where the writers are
Seattle Zen (2)

I trust places where there are people who are wearing backpacks. People who are wearing backpacks are more likely to be going somewhere. It is far harder to cause trouble to be causing trouble when you are on the move.

People with backpacks are usually trying to add something beautiful and good to their life whether it is an education or seeing the sunrise over a temple in Bangkok. They grow and change and evolve. Seattle is full of people with backpacks. It adds to a sense or flow, it makes the city alive.  It is growing and changing and evolving, sustained by the nutrients of ideas and that each person brings with them. It is not a city on the verge of emotional extinction.

As I stood briefly in Pikes Place listening to the one legged man belting out Johnny Cash I pondered this. People were walking around from all over the world with dreams and hopes in backpacks. The feeling here was what I always imagined Haight and Ashbury was like in its prime before it fell victim to commercialization and drugs. I wanted to ask the one legged man his name, I assumed his name was not one legged man, but I was caught like a fish in his musical net and when I was able to wiggle away from his songs  I  had forgotten to ask him his name.

Some of the people would stop for a photo in front of the original Starbucks. It is a small little store…store gives it too much credit. It is very humble and of all the Starbucks that dot the world this one seemed to not fit in. People took pictures of the store that was home to many stories, love lost and found, lives pondered, all these memories attached in a very real way to this tiny hole in the wall.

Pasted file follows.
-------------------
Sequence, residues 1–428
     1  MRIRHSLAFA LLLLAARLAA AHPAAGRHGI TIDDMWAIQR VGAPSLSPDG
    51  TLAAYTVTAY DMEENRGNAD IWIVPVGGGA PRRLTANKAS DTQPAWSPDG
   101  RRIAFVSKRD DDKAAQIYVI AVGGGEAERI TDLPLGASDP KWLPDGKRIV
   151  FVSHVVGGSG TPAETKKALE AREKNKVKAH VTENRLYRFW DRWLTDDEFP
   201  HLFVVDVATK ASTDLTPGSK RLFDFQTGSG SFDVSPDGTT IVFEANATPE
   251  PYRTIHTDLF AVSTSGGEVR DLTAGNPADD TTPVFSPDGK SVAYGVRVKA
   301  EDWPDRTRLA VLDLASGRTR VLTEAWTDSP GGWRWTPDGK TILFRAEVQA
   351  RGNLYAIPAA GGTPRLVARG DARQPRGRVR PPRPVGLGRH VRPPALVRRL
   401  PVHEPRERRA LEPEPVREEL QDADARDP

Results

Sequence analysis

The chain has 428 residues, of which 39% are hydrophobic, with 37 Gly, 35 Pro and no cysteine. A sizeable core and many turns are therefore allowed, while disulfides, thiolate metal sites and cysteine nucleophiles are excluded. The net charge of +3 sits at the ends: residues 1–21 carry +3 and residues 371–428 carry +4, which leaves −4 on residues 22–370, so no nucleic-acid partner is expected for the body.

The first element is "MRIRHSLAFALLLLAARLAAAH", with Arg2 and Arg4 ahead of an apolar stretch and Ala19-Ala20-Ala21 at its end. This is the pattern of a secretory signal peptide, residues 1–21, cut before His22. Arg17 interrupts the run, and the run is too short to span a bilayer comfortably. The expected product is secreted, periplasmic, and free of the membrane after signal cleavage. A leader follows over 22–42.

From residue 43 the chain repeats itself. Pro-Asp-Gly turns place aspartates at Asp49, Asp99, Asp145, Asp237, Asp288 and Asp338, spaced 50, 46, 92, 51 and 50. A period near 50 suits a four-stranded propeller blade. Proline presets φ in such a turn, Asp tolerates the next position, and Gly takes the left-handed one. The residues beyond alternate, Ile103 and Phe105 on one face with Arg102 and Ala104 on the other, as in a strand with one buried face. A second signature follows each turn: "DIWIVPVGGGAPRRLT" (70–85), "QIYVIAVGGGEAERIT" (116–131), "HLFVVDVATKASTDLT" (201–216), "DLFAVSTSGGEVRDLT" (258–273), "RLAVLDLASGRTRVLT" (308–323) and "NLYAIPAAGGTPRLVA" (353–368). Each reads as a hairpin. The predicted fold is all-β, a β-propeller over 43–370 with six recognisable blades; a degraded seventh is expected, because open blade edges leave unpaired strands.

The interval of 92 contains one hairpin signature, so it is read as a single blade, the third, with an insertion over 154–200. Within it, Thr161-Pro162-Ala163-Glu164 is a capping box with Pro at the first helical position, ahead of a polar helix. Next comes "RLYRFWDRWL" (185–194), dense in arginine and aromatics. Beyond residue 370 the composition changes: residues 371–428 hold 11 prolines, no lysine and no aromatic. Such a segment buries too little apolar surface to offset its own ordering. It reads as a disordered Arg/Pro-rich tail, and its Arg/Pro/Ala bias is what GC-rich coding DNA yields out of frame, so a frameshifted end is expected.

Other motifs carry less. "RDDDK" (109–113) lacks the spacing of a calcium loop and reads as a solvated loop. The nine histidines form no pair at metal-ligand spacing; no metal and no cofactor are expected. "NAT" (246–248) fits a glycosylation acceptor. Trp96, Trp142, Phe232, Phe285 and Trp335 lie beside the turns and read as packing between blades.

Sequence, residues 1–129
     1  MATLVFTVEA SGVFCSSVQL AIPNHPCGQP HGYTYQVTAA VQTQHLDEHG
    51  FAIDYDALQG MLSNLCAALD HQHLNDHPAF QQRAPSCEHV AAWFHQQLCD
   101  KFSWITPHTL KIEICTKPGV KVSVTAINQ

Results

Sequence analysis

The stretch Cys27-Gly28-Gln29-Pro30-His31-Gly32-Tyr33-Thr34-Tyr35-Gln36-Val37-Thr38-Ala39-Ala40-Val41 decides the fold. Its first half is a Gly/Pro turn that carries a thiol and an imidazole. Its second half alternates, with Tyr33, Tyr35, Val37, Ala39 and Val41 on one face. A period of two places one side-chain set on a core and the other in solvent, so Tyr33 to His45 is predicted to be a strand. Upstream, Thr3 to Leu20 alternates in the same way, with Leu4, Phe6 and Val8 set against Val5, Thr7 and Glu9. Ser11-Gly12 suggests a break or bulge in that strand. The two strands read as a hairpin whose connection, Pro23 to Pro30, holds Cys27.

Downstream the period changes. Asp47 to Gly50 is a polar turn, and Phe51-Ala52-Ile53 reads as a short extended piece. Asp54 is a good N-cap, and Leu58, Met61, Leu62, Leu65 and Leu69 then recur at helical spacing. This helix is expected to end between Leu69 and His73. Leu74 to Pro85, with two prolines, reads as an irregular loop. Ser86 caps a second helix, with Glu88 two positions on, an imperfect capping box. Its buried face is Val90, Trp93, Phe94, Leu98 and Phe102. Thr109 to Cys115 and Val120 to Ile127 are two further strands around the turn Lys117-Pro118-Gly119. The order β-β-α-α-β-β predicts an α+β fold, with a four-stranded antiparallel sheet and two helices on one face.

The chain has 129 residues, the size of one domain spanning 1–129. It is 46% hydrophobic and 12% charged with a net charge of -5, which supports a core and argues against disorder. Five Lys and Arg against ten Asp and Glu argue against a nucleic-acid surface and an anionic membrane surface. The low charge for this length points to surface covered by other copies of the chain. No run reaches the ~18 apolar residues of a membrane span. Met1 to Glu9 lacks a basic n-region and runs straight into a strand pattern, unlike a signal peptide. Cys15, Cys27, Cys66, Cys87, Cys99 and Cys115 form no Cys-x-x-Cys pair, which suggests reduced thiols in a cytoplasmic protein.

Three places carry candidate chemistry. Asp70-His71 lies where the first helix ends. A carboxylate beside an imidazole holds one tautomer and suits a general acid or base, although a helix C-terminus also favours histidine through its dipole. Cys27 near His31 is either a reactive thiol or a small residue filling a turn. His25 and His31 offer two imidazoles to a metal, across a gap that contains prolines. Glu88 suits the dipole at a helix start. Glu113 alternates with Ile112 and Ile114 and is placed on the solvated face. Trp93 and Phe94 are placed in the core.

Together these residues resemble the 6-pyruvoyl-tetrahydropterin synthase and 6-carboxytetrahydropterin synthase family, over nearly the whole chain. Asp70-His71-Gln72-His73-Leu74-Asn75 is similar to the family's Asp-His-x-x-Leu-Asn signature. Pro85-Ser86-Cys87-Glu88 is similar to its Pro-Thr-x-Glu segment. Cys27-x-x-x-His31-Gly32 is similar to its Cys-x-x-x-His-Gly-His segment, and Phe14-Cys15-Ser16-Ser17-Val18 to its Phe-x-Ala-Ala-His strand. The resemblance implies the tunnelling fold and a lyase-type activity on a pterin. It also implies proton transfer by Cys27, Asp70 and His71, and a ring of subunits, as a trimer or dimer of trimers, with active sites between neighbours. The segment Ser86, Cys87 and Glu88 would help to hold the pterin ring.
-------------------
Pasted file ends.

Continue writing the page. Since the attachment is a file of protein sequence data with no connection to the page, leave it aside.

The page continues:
There were all the vendors. If you wanted something you could find it here at Pikes Place. Pork on a stick brought over generations ago by Chinese who wanted to make their fortunes working on the railroads . Warm handmade hoodies that seemed just as in place today in Seattle as they would have forty years ago were sold every twenty feet or so. I wished I had a bigger backpack so I could buy one. Backpacks are something that can never be too big.

Everything there very real. Everything from the handcrafted Indian implements to the art drawn by hand to the homeless people who mixed with the business men in humbled pride. It was a real place that has bucked the trend of virtual life.  You can’t help but know something very good is about to happen there very soon.